The New Ask: Please Let Me Invest

by Adam on April 23, 2013

I was meeting with an entrepreneur recently, talking with him about a raise he recently completed and the investors he had onboard for his current round. It quickly became clear that at some point he’d need more money. It was an interesting company, one that indeed I could potentially see an opportunity in. The conversation went something like this:

“We have a lot of interest, but if we can find a strategic fit with what you are doing, I think we’d be able to make room in the next round so that you can be part of it.”

And so the balance of scales has tipped back in favor of the entrepreneur.

The power struggle between investor and entrepreneur is an ever-evolving ecosystem, one where entrepreneurs are constantly searching for new sources of funding, investors looking for new ways to put their investment funds to work. The conventional wisdom dictates that the balance of power rests solely with the investor as the holder of money, that an entrepreneur should appreciate and grab hold of the opportunity to receive investment (assuming the money is coming from an investor you trust and want to work with), and that funds themselves are starting to dry up, so take it where you can get it.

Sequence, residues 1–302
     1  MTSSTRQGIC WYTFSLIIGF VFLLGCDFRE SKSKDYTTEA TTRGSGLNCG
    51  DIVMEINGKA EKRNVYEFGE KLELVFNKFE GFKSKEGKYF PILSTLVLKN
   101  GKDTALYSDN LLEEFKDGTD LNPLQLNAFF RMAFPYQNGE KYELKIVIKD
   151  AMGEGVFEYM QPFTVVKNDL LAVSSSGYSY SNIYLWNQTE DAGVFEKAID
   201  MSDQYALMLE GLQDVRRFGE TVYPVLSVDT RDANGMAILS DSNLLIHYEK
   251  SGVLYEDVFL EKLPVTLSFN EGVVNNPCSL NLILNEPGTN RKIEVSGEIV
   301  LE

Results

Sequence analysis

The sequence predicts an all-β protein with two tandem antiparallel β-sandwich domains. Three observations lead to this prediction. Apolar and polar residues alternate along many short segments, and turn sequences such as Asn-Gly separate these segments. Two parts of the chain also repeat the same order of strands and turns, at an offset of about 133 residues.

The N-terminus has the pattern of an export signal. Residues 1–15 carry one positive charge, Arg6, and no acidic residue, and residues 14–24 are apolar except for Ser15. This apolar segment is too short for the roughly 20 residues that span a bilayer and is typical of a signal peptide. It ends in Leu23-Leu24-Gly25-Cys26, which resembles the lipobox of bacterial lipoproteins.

But, at least as far as I can tell, that isn’t so for the hottest of the nation’s startups (this one happened to be in NYC). In fact, rather than monetary investment being a benefit to the entrepreneur, it seems in some cases that it has become a benefit to the investor, a way to claim your seat at the table and say, “this is something I’d like to be part of.”

My pointing out this rather subversive trend is in no way meant to downplay it or say that it shouldn’t be. In fact, in the spirit of catch phrases from our childhood, all I can say is “more power to them.” The entrepreneurs I mean. But, I will say that we have to be careful about over-generalizations and hype, two things that the startup community seems to be prone to. We have to watch out for both of these primarily for two reasons:

  1. Not every startup deserves to be invested in.
  2. Even if a startup gets good initial interest, it doesn’t mean that their model is proven or even that good.

I can appreciate the idea of more power flowing back to entrepreneurs, and I do hope it’s a trend that continues. I will say that there are some entrepreneurs who don’t deserve that position of power, but those that can gain interest from investors are well-advised to use that momentum to their advantage. I suppose the best advice to any new entrepreneur is to be fearless, and find opportunities that allow them to capitalize on interest from investors to get new investors interested in the company (and also play it like you are the next Google…).

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